Our five-step method for incorporating quotations

introduce the quotation: this will help situate the passage. It might not even be a full sentence

provide the quotation: quote it exactly. Include parenthetical documentation to cite your source.

interpret it: you might approach this by saying “In other words…”

analyze it: what is significant about this passage, or what do you understand about it that you want your reader to understand? How is it significant?

apply it back to our argument: how does it support the argument you make in your thesis statement?

Prof. Rebecca Devers introduced this method to me–there are many ways of describing how to incorporate quotations, but this method seems the most thorough to me. Here’s the language she uses to describe these five steps:

Introduce: Use transitional phrases to inform your reader that you’re about to use someone else’s words.

Quote: Include words or images from another source. When you quote someone, you are obligated to represent them accurately. This means avoiding typos and mistakes, and it means providing accurate citations that tell your reader what source provided the words or images.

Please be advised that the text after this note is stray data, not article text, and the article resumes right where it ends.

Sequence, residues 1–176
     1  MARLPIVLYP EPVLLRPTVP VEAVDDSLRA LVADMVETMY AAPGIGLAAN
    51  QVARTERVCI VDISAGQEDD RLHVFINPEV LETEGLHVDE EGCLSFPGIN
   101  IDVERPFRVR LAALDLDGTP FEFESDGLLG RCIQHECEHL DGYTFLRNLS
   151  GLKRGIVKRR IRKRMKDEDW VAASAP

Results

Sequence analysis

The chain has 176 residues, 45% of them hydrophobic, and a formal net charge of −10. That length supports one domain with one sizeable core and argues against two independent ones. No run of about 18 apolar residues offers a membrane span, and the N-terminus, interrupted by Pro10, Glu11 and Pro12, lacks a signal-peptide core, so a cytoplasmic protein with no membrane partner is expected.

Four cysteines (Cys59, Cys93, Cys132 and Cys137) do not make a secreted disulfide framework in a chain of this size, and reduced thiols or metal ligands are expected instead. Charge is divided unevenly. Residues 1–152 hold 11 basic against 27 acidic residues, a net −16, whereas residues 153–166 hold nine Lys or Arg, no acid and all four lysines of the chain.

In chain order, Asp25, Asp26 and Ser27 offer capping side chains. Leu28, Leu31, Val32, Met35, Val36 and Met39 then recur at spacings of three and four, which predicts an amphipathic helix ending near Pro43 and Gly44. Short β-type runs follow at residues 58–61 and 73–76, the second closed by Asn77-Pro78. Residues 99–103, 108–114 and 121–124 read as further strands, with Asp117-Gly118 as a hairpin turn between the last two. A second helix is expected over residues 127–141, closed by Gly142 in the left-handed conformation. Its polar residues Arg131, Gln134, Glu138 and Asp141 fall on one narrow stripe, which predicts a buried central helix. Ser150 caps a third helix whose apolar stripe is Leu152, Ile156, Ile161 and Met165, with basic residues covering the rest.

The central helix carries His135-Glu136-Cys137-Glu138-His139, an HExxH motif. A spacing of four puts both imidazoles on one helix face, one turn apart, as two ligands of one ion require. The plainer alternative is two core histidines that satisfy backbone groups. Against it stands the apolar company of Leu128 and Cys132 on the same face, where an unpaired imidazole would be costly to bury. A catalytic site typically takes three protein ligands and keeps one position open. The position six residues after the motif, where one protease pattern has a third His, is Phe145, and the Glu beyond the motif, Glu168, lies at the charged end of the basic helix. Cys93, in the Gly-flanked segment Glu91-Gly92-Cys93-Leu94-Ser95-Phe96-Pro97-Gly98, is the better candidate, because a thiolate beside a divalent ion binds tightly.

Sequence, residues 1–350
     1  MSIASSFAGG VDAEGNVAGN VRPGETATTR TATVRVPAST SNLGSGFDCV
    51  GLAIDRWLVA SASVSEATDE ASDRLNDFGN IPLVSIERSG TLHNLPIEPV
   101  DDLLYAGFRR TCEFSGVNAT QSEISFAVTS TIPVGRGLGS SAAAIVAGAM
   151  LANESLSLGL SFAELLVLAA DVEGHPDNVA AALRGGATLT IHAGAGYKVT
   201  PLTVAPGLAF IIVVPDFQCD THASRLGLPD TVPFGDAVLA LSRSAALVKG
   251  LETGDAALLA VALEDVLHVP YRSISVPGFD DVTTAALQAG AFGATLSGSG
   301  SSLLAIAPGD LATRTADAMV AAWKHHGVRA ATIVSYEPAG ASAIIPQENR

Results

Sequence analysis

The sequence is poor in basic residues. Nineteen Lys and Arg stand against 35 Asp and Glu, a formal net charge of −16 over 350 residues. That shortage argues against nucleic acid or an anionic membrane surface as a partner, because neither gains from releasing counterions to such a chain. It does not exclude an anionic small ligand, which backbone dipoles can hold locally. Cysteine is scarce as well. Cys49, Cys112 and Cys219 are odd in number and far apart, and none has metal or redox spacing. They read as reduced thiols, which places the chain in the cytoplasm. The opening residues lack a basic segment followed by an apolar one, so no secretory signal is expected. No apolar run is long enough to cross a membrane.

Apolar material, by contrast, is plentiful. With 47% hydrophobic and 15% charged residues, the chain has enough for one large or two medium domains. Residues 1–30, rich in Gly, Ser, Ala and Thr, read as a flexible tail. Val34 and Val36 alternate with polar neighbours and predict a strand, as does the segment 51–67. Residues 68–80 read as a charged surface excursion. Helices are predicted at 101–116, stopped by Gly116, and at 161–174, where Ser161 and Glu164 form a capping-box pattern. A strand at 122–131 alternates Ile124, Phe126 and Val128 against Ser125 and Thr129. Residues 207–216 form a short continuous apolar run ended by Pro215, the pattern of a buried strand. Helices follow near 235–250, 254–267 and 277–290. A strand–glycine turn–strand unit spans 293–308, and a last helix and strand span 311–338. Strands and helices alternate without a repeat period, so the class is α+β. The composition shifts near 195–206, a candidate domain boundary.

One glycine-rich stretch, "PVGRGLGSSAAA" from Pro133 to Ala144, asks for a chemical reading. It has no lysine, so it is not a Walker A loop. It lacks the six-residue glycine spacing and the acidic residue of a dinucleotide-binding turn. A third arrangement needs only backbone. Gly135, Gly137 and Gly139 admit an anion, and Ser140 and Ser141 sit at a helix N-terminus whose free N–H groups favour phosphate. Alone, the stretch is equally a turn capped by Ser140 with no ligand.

Interpret: If a quotation can stand on its own, then your reader doesn’t need to read your paper. After using a quotation, explain it to your reader. Put that quotation into your own words, or into a language or discourse that your audience can better understand. Consider starting sentences after quotations with phrases like, “In other
words, . . . .”

Analyze: Interpretation translates the original author’s words into a language your audience will understand. Analysis tells your reader why that quotation was so important. It highlights the significance of an author’s word choice, argument, example, or logic. Analysis goes beyond the obvious, telling the readers what they may
have missed if they didn’t read closely enough.

Apply: Each time you use a quotation, make it clear to your reader how it supports your argument. You can do that by applying your analysis to your thesis statement. Remind your reader of your purpose for writing, and tell them how this quotation, and your analysis of it, helps you support your argument.

Prof. Devers cautions against using this as a formula that might get boring to read. One way to vary this is to make sure you don’t only write one sentence for each of the three steps after the quotation.

I hope that you find this method helps you develop your paragraphs in more meaningful, careful ways.